Search Images Maps Play YouTube News Gmail Drive More »
Sign in
Screen reader users: click this link for accessible mode. Accessible mode has the same essential features but works better with your reader.

Patents

  1. Advanced Patent Search
Publication numberUS3211047 A
Publication typeGrant
Publication dateOct 12, 1965
Filing dateAug 20, 1962
Priority dateMar 3, 1959
Also published asDE1168786B
Publication numberUS 3211047 A, US 3211047A, US-A-3211047, US3211047 A, US3211047A
InventorsHeimberger Hermann
Original AssigneeHeimberger Hermann
Export CitationBiBTeX, EndNote, RefMan
External Links: USPTO, USPTO Assignment, Espacenet
Polarization type anti-dazzle device for motor vehicles
US 3211047 A
Abstract  available in
Images(1)
Previous page
Next page
Claims  available in
Description  (OCR text may contain errors)

W1, 350-408 SR *3/77 k SEARCH ROOM on 3,211,041 yy w y Oct. 12, 1965 H. HEIMBERGER 3,211,047

POLARIZATION TYPE ANTI-DAZZLE DEVICE FOR MOTOR VEHICLES Filed Aug. 20, 1962 1 I m .1 r

FIG. 1. 7

INVENTOR HERMANN HHMBERGER ATTORNEM United States Patent 5 Claims. Cl. 88-1) The present invention relates to an anti-dazzle device for automotive vehicles by means of the use of polarization filters.

This is a continuation-in-part application of the co-pending application Ser. No. 12,081, filed Mar. 1, 1960 (now abandoned).

Different proposals have been made before which aim to remove the danger of a dazzle effect of oncoming motor vehicles by using the polarization characteristics of the light.

The first proposals went in the direction to polarize the light emerging from headlight beams of all motor vehicles in a predetermined direction, either horizontally or obliquely, by means of polarization filters built into the headlights and to equip each automotive vehicle with a polarization filter serving as an analyzer and disposed on or adjacent to the windshield, the polarization filter having a plane of vibration perpendicular to that of the light of the headlight beams. The polarization filter is either rigidly or swingably secured to or adjacent the windshield, in the manner of a sun visor, or it is applied to particular goggles to be worn by the driver.

This rather sound proposal could not be put to practice yet, however, because it would require legal enforcement which would provide by law that all drivers have to polarize their headlight beams in compliance with the law, and to equip themselves or their motor vehicles with polarization filters serving as analyzers.

In addition, appreciable technical difiiculties are encountered in connection with this proposal, since in accordance with the status of the art in this particular field, the polarization filters are quickly destroyed at the high temperatures prevailing in the headlights, aside from the fact that the degree of polarization of the artificial polarization films is incomplete. A further difficulty presents itself also in the comparatively high price of the polarization films.

It is apparently for this reason, that it has been proposed already to provide the polarizer and the analyzer in the same vehicle (German Patent No. 825,452 to Haase), which arrangement brings about the advantage that in order to avoid a dazzling effect, it is by no means necessary that the headlight beams of oncoming motor vehicles are polarized in a predetermined direction. In order to achieve this end, for instance, a vertically polarizing polarization filter is provided on the windshield, and the driver is equipped with particular polarization goggles, the lenses of which are divided into individual fields, at least one of which is polarized, for instance, horizontally and, thereby, cancels out more or less completely the light of oncoming vehicles vertically polarized by the windshield polarizer in the manner of an analyzer. The size and arrangement of these horizontally polarizing lens fields are chosen in this known arrangement such, that the driver, upon slight inclination or slight turning of his head, is put into the position that the disturbing light of headlight beams of oncoming vehicles is correspondingly weakened or cancelled out by the horizontally polarizing part of his goggles, while he can observe the road outside of his windshield polarizer lit by his own nonpolarized headlights undisturbed through all parts of his goggles.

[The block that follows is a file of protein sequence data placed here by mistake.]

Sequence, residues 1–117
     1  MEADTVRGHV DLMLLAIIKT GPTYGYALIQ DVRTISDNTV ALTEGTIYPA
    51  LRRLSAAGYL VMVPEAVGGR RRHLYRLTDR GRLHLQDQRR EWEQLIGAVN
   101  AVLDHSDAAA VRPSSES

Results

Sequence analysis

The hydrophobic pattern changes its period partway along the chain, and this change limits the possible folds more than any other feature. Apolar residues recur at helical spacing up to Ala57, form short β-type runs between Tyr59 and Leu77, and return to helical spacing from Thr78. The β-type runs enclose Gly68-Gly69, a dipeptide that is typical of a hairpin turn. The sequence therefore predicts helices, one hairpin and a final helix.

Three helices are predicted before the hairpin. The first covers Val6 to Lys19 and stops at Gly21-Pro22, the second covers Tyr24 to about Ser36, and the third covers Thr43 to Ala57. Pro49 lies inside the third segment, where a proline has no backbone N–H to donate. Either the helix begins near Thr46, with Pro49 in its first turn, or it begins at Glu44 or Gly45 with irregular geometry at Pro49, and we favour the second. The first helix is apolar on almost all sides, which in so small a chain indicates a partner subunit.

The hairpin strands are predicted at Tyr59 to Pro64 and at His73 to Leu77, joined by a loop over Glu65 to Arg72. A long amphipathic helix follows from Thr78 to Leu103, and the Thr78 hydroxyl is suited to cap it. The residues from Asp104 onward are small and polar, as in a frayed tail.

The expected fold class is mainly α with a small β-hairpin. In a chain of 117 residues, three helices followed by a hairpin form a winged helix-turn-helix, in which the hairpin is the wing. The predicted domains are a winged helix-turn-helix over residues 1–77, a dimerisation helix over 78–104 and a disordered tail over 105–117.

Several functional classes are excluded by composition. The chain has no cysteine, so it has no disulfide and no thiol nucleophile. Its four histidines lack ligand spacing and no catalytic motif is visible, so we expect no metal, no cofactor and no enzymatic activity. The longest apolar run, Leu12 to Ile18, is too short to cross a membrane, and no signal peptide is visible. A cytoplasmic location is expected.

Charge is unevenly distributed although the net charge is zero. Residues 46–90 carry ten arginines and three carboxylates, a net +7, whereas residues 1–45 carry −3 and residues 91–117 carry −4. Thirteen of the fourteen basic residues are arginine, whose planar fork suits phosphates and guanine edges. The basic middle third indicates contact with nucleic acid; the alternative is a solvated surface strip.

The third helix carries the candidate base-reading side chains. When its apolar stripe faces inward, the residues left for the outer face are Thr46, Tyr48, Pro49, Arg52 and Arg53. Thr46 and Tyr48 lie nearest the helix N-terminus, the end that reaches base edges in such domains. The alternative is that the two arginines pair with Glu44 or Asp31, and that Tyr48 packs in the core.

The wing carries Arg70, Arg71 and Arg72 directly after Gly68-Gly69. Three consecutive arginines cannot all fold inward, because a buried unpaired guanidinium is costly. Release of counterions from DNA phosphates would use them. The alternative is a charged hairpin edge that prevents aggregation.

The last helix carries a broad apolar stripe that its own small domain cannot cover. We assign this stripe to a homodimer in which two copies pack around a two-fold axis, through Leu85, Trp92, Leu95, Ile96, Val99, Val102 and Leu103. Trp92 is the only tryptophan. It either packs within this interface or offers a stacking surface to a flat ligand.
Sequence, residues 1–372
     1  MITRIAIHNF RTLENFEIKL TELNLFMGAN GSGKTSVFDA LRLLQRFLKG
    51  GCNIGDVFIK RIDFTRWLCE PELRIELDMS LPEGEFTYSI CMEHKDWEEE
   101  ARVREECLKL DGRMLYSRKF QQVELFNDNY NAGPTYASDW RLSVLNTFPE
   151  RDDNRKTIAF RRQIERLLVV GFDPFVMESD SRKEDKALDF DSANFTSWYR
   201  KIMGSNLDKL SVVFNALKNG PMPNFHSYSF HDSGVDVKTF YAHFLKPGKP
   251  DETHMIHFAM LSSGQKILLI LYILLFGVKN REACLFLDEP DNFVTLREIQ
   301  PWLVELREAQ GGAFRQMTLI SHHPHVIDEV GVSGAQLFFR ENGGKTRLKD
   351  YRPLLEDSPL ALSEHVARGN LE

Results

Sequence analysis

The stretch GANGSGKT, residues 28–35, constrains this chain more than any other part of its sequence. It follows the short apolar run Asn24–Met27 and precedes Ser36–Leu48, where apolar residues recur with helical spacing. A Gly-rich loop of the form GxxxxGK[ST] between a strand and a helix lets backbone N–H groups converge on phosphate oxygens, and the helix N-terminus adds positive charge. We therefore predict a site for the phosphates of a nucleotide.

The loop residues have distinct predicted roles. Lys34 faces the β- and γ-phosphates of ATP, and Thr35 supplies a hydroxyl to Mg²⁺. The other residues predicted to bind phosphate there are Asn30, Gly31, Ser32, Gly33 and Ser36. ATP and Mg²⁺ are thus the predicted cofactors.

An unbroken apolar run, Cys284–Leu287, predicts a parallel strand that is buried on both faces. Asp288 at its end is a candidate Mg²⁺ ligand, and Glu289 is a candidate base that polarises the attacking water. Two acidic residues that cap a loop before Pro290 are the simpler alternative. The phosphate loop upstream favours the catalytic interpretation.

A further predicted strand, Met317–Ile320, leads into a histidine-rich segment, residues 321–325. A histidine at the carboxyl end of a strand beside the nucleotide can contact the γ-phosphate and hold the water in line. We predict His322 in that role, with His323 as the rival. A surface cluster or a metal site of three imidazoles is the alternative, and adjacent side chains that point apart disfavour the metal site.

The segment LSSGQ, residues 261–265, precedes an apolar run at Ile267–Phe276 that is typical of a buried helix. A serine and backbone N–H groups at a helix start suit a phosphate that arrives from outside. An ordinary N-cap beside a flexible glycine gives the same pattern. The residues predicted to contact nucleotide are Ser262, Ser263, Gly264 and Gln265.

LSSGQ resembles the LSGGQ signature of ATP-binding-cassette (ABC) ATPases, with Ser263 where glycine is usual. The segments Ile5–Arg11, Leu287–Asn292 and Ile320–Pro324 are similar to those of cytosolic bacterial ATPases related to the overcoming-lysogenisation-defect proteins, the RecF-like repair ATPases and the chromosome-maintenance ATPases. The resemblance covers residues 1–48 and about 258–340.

In order to bring about an adaptation of the eye unavoidably balanced for physiological reasons, in connection wtih goggles divided into individual fields, also those parts of the goggles, which permit an undisturbed view of the road to the driver, must be covered, with a polarization film polarizing parallel to the polarizer, thus with a vertically polarizing polarization film. This is rather expensive in its manufacture. Furthermore, however, it was so far impossible to set side by side the two polarization films polarizing perpendicularly towards each other without a joint.

In the use of polarized light for the achievement of an effective anti-dazzle protection, it is necessary to take into consideration to an appreciable degree the physiological characteristics of the human eye, whereby use is made of a discovered novel physical phenomenon discovered by the inventor, which brings about an eifect, which can be described as follows: